It is for these reasons that the Chinese leadership will very likely reject the demands made by the EU leadership in the April 1 Summit.

Assessment by experts

In a new webcast / podcast produced by the BRIX to assess the outcome of this summit, two distinguished experts, Professor Chen Xiangming, Professor at Trinity College in Hartford, Connecticut (USA), and Henry Tillman, Founder and Chairman of China Investment Research in London presented their reflections on what the EU and Chinese sides released following the summit. Host Hussein Askary indicated that the goals and purpose of the BRIX is to achieve peace and stability in Eurasia and the world through economic cooperation and trade along the lines of the Belt and Road Initiative.

The main take aways from this roundtable discussion were that it is impossible for China to decouple from Russia as demanded by the EU. However, China and the EU have everything to win from supporting a peaceful and diplomatic resolution of the conflict in Ukraine. On economic aspects, Tillman emphasized that despite all the negative media coverage of the tensions between China and Russia, economic cooperation, trade, and investments continued both ways. Key areas have been COVID-19 Vaccine coproduction, co-investments in key industries with European companies in the fields of green energy and climate change mitigation, auto industry, etc. Inbound investments from both the EU and the U.S. to China have increased.

What the numbers say

A review of samples of data provided to the readers of the BRIX by the China Investment Research (Read full document), of Chinese foreign direct investments in Europe, and European investments in China, we see an interesting trend. China Inbound versus Outbound in 2021, we find that China outbound fell from $222 billion in 2016 to $60 billion in 2021. In the same time following the 2018 openings and the 2020 “dual circulation” launch by China, inbound surpassed announced outbound investments.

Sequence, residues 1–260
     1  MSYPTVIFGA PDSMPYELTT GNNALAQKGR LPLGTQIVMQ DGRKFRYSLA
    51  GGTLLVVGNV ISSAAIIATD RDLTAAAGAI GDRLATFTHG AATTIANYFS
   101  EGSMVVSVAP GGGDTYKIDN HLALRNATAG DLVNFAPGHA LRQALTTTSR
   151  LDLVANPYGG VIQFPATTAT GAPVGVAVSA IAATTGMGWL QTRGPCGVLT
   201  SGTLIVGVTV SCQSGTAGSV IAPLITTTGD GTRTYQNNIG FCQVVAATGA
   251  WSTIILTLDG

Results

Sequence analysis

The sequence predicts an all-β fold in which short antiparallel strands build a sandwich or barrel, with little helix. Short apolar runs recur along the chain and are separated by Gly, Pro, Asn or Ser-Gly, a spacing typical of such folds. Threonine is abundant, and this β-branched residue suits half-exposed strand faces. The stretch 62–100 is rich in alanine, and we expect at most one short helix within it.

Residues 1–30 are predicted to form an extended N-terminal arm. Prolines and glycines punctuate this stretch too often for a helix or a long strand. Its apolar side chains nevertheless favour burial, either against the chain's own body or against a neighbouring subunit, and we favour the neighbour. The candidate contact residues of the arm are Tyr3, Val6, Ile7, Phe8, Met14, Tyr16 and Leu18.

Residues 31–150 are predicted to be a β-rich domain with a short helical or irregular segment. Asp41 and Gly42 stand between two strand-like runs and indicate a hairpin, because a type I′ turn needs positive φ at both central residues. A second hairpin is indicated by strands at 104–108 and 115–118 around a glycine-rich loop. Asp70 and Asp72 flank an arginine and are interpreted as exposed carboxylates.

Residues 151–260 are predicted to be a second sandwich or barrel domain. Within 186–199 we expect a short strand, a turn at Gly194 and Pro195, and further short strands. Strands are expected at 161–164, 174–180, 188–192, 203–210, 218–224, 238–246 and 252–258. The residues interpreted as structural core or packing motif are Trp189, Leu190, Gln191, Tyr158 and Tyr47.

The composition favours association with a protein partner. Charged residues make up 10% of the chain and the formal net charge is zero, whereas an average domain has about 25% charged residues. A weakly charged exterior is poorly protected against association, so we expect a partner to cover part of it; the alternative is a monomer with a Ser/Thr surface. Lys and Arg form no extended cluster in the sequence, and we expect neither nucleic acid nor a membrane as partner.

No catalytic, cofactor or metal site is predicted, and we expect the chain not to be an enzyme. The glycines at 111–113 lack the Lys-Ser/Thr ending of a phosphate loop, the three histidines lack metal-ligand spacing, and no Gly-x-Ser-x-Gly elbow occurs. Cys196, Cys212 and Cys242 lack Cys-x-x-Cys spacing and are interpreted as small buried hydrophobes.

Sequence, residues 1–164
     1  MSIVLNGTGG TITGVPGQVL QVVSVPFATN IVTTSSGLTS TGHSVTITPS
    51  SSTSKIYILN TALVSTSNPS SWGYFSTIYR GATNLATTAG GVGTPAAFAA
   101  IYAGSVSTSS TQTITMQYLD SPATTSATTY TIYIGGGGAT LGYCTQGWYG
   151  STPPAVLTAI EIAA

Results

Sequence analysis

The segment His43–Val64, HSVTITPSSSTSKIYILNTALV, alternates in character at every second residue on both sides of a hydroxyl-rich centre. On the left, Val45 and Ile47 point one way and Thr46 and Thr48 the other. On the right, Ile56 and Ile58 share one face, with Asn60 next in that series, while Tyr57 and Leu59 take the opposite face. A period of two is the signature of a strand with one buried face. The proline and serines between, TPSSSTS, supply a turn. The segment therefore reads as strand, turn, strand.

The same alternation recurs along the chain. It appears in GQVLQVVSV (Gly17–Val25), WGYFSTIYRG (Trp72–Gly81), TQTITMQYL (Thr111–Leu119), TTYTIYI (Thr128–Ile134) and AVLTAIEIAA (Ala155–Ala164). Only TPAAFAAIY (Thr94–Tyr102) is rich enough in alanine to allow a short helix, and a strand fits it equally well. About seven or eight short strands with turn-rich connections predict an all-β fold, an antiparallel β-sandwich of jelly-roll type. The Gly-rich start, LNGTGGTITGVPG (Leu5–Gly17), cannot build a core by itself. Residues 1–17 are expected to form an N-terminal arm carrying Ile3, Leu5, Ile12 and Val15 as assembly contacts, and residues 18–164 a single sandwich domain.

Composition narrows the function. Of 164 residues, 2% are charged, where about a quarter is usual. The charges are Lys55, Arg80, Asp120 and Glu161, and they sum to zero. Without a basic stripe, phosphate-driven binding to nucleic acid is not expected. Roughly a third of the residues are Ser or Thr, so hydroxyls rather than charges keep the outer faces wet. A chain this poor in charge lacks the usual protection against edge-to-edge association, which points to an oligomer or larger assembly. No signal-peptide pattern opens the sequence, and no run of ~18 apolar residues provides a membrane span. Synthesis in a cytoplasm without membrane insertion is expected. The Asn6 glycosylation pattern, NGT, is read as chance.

Q4 2021 data concerning the EU show that there were at least 26 investments by China in Europe. Germany led in volume, Finland led in amounts, followed by Germany. Inbound (i.e. European investments into China) recorded at least 27 announced investments, with over 50% from Germany (NEV, industrial), as well as from France, Switzerland, the Netherlands, Norway and Denmark. The largest deal was Maersk’s $3.6 billion in a Hong Kong based, 14 country Asian logistics business.

What becomes clear is that President Xi’s statement that “China-EU cooperation has achieved new results despite difficulties” is grounded in reality.

What is fascinating is that the data from Q1 2022 shows that these activities continued even during the Ukraine crisis.

Professor Chen stressed that Ukraine is an important bridge in the whole Eurasian communication systems like rail freight. China has attached much importance to cooperation with Ukraine in the fields of agriculture, manufacturing, and infrastructure. He stressed that whenever the conflict is resolved, their will be a big process of reconstruction in cooperation with China.

The host concluded that the tragedy in Ukraine, with all its implications, shows that there is only one way forward to peace and stability, which is the integration of all parties, including Russia and Ukraine into the Belt and Road Initiative to enhance win-win cooperation.

Watch the video here!